Friday, November 6, 2009

My Friend Marilyn (Misslynn)

My friend is kind of bashful and she is going back to school so you have not been able to see any of her treasurers on her so I decided to introduce her myself. Thanks to etsy, I got her bio. She won't see it unless I bug her next week. She works at Canyon de Chelly as a community liaison, interpreter, and works closely with the canyon farms. She distributes seeds and fruit trees and helps the local re-establish their farms in the canyon. This is taken right in front of Fortress Rock, an famous landmark during the Spanish invasion and the Long Walk period. tj

My name is Marilyn James, Diné. I am of the Big Water clan and born for Coyote Pass clan. The maternal and paternal clans are Towering House and Bitter Water. I am from Smoke Signals, Arizona. My mother and father are Mary C. James and the late Philip James. My grandparents are the late Ruth Nelson Chee and John Kayonnie Chee. My mother is a homemaker and a Navajo Textile Weaver. Her expertise is in Pictorial weaving. My father has always been away at work; working on the Railroad or working in fields in other states. My grandmother was a Navajo Textile Weaver, too. She wove Yeis, a pattern of ceremonial dancers. My grandfather was a Medicine Man. His practice was doing Crystal Gazing and one (1) night singing (a Diné Ceremonial practice). I come from a large family; six (6) sisters and four (4) brothers. (This is how I introduce myself in Diné).

As a child before age six (6) years old, I grew up around an area called Owl Hat. I played within these hills and plateaus and at every watering hole there was. The whole world around me was a playground. What I learned then to prepare me for life, is so different from what I know today. Most of what my mother and grandparents basic life necessities were living off the land and taking care of the livestock. Being at home, it wasn't all play; I helped herd sheep in the pastures, taking the sheep to the watering hole and working around the house which included sweeping, doing the dishes and keeping things in order, plus babysitting my younger brothers and sisters. The whole family took part in taking turns doing each chore.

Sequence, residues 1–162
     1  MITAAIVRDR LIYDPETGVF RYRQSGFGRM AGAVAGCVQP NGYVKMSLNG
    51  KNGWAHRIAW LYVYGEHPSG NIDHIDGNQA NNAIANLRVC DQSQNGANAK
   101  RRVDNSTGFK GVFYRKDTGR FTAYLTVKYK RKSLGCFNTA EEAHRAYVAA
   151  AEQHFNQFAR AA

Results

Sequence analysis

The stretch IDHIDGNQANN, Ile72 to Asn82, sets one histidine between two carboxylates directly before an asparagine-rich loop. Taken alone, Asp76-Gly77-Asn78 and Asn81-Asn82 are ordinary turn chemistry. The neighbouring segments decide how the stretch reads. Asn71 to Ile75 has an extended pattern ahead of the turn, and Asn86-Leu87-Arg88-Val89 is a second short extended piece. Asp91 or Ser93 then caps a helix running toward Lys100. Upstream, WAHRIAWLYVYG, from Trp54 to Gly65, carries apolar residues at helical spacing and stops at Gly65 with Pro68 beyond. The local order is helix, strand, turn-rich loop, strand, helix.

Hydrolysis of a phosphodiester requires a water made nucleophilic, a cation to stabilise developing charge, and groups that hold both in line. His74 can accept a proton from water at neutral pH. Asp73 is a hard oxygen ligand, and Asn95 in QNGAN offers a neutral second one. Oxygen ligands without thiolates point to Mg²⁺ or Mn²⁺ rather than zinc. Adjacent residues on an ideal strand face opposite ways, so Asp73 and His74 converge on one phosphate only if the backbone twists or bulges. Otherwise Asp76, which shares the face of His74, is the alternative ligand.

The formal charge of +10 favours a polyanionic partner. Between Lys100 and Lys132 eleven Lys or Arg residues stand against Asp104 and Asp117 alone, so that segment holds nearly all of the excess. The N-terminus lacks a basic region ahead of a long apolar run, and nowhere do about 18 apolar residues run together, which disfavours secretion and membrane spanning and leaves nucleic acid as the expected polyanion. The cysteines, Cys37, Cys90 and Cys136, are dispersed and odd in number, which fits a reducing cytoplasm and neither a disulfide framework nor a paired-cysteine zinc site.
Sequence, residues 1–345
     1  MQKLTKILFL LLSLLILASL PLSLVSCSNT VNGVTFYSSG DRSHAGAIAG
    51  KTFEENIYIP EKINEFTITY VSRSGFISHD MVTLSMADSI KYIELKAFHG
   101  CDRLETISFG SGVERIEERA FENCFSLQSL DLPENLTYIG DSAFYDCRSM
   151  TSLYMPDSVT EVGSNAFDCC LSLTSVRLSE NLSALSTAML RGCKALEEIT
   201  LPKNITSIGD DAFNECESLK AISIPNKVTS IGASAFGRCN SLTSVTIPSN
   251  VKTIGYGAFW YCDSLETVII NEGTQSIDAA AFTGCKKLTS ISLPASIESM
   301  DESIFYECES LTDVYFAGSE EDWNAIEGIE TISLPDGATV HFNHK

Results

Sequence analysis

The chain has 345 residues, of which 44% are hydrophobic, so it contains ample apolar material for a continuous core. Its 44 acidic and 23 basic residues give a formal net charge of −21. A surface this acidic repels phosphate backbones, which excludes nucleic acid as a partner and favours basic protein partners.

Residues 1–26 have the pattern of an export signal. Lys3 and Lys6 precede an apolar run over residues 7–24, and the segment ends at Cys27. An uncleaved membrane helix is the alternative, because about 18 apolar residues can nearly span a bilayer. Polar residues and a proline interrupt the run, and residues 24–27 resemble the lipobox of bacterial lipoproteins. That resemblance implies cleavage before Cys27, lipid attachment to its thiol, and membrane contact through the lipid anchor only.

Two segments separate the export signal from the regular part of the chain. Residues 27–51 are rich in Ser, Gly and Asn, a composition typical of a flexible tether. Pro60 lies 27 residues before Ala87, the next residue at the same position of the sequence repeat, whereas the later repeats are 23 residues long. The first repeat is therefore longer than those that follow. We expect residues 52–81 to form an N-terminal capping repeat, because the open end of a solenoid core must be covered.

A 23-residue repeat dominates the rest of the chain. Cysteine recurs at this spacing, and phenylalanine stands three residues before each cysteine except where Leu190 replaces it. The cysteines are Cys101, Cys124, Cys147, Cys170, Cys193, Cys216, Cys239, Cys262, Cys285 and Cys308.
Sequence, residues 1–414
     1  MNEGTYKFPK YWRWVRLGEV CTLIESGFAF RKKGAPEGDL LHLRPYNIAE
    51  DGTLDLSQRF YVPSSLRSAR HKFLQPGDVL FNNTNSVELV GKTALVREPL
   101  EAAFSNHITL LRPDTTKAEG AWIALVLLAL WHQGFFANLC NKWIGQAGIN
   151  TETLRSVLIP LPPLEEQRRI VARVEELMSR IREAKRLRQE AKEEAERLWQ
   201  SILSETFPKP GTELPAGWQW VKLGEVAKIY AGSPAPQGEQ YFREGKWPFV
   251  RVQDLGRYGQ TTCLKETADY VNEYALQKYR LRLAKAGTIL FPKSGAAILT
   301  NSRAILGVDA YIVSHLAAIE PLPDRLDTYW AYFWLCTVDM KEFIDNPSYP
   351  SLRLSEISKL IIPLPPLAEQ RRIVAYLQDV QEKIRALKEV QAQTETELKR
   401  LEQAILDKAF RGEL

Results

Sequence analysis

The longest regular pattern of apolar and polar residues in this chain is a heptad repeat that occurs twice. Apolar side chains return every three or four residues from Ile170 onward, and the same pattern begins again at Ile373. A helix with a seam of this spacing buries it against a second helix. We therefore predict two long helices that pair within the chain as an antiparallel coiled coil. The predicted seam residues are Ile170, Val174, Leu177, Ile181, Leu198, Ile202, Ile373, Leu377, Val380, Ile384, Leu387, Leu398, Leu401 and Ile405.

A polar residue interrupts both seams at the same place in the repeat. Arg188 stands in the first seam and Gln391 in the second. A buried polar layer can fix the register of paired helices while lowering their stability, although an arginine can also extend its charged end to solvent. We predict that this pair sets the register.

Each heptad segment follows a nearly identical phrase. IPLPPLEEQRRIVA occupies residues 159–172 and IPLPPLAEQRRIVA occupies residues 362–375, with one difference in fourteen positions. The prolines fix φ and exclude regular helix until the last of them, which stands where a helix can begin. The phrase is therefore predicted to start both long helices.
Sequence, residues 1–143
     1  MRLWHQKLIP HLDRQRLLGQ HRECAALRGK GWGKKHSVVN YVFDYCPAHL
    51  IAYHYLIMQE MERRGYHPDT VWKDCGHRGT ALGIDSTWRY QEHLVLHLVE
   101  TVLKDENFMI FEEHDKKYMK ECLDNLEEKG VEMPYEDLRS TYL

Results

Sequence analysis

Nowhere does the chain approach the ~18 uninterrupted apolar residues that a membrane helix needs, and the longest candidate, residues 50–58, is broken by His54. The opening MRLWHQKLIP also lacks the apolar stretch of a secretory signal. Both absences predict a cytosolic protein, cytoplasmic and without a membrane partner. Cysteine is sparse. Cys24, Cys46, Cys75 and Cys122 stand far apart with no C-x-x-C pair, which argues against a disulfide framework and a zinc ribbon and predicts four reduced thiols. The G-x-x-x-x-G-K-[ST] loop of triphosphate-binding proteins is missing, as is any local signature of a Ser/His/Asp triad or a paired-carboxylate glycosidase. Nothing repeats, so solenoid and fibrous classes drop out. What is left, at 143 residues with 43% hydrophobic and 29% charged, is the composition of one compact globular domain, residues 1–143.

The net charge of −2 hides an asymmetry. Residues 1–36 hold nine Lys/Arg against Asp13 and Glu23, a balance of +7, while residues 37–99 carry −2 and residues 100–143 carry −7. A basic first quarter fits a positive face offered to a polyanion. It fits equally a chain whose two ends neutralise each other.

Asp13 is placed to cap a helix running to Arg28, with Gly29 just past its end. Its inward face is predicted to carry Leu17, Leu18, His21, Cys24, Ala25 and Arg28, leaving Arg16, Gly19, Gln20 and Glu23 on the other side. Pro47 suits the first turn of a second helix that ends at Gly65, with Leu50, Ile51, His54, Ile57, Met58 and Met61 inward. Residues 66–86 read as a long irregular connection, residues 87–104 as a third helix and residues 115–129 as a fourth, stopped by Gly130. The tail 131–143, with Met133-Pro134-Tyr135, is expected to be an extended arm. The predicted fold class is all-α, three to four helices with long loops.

Sometime after age six (6), I went to boarding school; this was something that everybody did and it had to be done. I didn't go very far from home but it was still away from the comfort of home. The memory of the experience must have been traumatic because I don't remember the first day of school. That was probably the beginning of staying away and not getting back home.

In boarding school, activities of daily living were a routine and setup on a time base. It was during that time that I learned all of what I know about Arts and Crafts. There were clubs and small groups you can sign up for to learn how to knit, crotchet, and even weave a Navajo textile rug. I recalled a knitting group I entered, the instructor started off by telling us to cut a piece of yarn and put it in our mouth and chew on it so we can be expert knitters. I think it worked... Female, Born on September 16

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